Welcome to our community

Be a part of something great, join today!

[SOLVED] 1.1.21 simplify rational expression

karush

Well-known member
Jan 31, 2012
3,062
simplify
$\left(\dfrac{a^2b^3-2a^{-3}b^3}{2a}\right)^2=$
OK this could get confusing quickly
but I don't think we want to square it first
 

Country Boy

Well-known member
MHB Math Helper
Jan 30, 2018
821
Yes, it can be simplified by cancelling "a" before squaring.
(The "2" in the denominator is already simple.)
$\frac{\left(ab^3-2a^{-4}b^3\right)^2}{4}$

Of course we can also factor out that $b^3$ that is in each term. Squaring it gives $b^6$.

$\frac{b^6(a- 2a^{-4})^2}{4}$

Now it is relatively easy to square $a- 2a^{-4}$.
$(a- 2a^{-4})^2= a^2- 2(a)(2a^{-4})+ (2a^{-4})^2$
$= a^2- 4a^{-3}+ 4a^{-8}$

$\frac{b^6(a^2-4a^{-3}+4a^{-8}}{4}$.
 

karush

Well-known member
Jan 31, 2012
3,062
ok we still have negative exponents in the numerator??
 

Country Boy

Well-known member
MHB Math Helper
Jan 30, 2018
821
Is that a problem? Different people have different ideas of what "simple" is. If you don't want negative exponents, remember what a negative exponent means:
$\frac{b^2- 4a^{-3}+ 4a^{-8}}{4}= \frac{b^2- 4\frac{1}{a^{3}}+ 4\frac{1}{a^{8}}}{4}$

Now, to eliminate the "fractions in fractions", multiply both numerator and denominator by $a^8$
$\frac{a^8b^3- 4a^5+ 4}{4a^8}$
 

karush

Well-known member
Jan 31, 2012
3,062
well the few examples I saw they brought the terms with negative exponents in the numerator to the denumerator
 

Country Boy

Well-known member
MHB Math Helper
Jan 30, 2018
821
That is exactly what I did!
 

karush

Well-known member
Jan 31, 2012
3,062
That is exactly what I did!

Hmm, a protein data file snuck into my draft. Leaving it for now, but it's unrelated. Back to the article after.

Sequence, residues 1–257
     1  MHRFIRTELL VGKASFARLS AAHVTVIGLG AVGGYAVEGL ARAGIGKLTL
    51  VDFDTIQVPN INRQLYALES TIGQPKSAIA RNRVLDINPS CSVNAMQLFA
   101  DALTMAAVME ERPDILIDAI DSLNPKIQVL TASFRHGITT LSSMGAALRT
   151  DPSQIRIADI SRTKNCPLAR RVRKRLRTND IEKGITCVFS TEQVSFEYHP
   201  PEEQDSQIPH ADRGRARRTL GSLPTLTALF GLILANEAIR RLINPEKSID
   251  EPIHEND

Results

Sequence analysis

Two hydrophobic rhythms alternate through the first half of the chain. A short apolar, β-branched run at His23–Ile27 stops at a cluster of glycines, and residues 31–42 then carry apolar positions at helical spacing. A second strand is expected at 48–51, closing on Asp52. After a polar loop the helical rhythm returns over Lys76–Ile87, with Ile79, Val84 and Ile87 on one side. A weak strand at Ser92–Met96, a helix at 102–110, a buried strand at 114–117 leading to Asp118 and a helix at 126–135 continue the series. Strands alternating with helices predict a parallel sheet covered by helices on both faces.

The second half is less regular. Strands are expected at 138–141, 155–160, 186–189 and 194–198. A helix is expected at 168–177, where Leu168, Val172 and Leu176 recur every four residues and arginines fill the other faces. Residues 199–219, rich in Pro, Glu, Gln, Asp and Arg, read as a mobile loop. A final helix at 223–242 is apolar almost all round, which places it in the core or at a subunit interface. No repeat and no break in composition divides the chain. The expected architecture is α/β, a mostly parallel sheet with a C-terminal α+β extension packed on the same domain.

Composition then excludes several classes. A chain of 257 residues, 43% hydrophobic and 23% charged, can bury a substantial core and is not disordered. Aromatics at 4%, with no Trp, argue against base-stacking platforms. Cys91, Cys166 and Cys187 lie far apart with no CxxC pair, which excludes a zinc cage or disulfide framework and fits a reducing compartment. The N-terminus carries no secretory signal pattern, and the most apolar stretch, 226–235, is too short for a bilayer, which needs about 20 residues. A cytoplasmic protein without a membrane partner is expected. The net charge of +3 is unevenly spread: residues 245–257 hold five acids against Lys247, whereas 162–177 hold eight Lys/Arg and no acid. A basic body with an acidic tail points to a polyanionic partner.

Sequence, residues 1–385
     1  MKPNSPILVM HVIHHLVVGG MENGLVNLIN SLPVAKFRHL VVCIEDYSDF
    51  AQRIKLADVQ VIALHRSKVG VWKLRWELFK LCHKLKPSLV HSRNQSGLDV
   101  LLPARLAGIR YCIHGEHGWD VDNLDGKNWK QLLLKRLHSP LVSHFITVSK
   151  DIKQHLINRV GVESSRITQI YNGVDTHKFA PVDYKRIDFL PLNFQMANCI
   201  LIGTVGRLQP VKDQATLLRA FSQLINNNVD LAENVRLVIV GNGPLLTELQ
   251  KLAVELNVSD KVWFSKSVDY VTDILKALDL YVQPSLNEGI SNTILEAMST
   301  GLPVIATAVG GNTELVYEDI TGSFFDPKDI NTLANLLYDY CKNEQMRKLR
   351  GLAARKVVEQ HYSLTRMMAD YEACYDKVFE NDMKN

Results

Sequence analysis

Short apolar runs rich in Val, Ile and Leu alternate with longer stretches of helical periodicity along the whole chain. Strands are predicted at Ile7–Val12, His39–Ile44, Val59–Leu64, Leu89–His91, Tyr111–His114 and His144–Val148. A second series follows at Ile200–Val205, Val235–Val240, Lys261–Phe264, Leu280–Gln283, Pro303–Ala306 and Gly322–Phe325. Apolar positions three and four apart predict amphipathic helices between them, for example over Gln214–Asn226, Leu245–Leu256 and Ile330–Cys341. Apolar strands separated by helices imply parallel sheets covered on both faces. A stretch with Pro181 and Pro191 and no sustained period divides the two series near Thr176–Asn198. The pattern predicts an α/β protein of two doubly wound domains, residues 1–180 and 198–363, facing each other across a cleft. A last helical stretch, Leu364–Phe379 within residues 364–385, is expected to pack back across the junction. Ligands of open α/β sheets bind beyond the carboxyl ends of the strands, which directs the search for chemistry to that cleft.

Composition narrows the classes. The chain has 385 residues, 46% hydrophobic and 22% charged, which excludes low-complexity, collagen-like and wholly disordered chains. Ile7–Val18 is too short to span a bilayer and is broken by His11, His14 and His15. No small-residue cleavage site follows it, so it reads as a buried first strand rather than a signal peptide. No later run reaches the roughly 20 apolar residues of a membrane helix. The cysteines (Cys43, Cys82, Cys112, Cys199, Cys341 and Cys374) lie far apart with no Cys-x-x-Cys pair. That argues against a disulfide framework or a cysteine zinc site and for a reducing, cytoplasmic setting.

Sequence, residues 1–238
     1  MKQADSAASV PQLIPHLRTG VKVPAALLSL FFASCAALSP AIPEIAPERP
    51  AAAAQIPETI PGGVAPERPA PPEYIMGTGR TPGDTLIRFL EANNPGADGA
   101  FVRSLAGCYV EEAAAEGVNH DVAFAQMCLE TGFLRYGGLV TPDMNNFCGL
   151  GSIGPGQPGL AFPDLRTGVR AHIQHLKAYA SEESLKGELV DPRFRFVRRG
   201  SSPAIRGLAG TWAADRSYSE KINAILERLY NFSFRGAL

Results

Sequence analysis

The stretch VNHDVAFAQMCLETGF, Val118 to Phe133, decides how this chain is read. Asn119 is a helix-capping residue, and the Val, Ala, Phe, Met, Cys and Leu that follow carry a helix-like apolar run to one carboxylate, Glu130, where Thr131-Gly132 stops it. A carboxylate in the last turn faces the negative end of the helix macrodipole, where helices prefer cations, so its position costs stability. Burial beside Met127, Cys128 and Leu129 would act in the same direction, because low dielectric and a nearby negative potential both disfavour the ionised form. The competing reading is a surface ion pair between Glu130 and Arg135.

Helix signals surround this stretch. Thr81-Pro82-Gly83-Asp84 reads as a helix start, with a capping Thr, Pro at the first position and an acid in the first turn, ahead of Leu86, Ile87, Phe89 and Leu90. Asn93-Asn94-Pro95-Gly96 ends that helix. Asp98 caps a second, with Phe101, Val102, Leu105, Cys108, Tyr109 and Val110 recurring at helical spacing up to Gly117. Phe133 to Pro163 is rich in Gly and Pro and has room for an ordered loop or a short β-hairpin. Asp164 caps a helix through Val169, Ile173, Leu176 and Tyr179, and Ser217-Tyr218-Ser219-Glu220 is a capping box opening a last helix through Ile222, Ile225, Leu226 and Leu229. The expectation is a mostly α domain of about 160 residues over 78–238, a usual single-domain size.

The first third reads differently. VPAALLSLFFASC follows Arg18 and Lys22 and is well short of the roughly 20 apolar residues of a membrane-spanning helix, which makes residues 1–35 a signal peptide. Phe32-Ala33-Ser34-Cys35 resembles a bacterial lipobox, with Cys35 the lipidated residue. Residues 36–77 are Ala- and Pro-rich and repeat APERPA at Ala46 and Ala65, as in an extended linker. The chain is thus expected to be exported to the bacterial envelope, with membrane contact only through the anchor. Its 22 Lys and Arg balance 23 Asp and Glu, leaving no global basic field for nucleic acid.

yes but you created fractions over over a fraction $ \dfrac{a^{-3}}{4}=\dfrac{1}{4a^3}$

anyway,, just being cranky
 

Country Boy

Well-known member
MHB Math Helper
Jan 30, 2018
821
No, [tex]a^{-3}[/tex] is not a fraction!
 

karush

Well-known member
Jan 31, 2012
3,062
why not the exponent is positive
 

Prove It

Well-known member
MHB Math Helper
Jan 26, 2012
1,455

Country Boy

Well-known member
MHB Math Helper
Jan 30, 2018
821
Yes, $\frac{1}{x^3}$ is a fraction. $x^{-3}$ is NOT.
It is a matter of the difference in numerals, not numbers.
 

karush

Well-known member
Jan 31, 2012
3,062
numerals???
 
Last edited:

Prove It

Well-known member
MHB Math Helper
Jan 26, 2012
1,455
Yes, $\frac{1}{x^3}$ is a fraction. $x^{-3}$ is NOT.
It is a matter of the difference in numerals, not numbers.
Do you realise that you are saying that two amounts that are equivalent are simultaneously a fraction and not a fraction?
 

karush

Well-known member
Jan 31, 2012
3,062
they just said move the terms with negative exponents in the numerator to the denominator
the bell rang and I left
no fancy stuff
 

Country Boy

Well-known member
MHB Math Helper
Jan 30, 2018
821
Do you realise that you are saying that two amounts that are equivalent are simultaneously a fraction and not a fraction?
Yes, I am. They are two different numerals that repreent the same number. The term "fraction" has to do with the way a number is represented, it is not a property of the number itself.